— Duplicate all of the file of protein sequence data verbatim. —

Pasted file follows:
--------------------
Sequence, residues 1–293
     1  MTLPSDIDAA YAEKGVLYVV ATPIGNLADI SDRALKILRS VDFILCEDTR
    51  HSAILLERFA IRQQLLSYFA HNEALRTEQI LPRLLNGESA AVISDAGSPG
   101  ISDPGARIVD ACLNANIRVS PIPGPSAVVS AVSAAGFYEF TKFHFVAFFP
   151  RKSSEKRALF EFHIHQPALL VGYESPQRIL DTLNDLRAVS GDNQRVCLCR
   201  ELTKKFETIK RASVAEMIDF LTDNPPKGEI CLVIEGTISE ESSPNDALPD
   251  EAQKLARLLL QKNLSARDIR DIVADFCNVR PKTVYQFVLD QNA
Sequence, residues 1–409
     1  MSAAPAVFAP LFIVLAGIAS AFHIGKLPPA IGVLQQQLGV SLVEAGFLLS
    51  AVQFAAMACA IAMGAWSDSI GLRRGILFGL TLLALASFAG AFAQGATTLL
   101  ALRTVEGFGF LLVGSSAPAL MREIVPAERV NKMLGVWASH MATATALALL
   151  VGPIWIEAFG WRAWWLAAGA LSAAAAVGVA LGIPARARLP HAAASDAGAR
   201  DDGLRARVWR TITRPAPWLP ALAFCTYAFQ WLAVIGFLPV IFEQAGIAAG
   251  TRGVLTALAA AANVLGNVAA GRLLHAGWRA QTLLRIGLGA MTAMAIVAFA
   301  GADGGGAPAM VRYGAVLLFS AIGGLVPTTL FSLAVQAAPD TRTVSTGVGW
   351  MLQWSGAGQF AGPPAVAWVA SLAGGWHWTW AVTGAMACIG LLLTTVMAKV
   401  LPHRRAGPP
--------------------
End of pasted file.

Sequence, residues 1–293
     1  MTLPSDIDAA YAEKGVLYVV ATPIGNLADI SDRALKILRS VDFILCEDTR
    51  HSAILLERFA IRQQLLSYFA HNEALRTEQI LPRLLNGESA AVISDAGSPG
   101  ISDPGARIVD ACLNANIRVS PIPGPSAVVS AVSAAGFYEF TKFHFVAFFP
   151  RKSSEKRALF EFHIHQPALL VGYESPQRIL DTLNDLRAVS GDNQRVCLCR
   201  ELTKKFETIK RASVAEMIDF LTDNPPKGEI CLVIEGTISE ESSPNDALPD
   251  EAQKLARLLL QKNLSARDIR DIVADFCNVR PKTVYQFVLD QNA
Sequence, residues 1–409
     1  MSAAPAVFAP LFIVLAGIAS AFHIGKLPPA IGVLQQQLGV SLVEAGFLLS
    51  AVQFAAMACA IAMGAWSDSI GLRRGILFGL TLLALASFAG AFAQGATTLL
   101  ALRTVEGFGF LLVGSSAPAL MREIVPAERV NKMLGVWASH MATATALALL
   151  VGPIWIEAFG WRAWWLAAGA LSAAAAVGVA LGIPARARLP HAAASDAGAR
   201  DDGLRARVWR TITRPAPWLP ALAFCTYAFQ WLAVIGFLPV IFEQAGIAAG
   251  TRGVLTALAA AANVLGNVAA GRLLHAGWRA QTLLRIGLGA MTAMAIVAFA
   301  GADGGGAPAM VRYGAVLLFS AIGGLVPTTL FSLAVQAAPD TRTVSTGVGW
   351  MLQWSGAGQF AGPPAVAWVA SLAGGWHWTW AVTGAMACIG LLLTTVMAKV
   401  LPHRRAGPP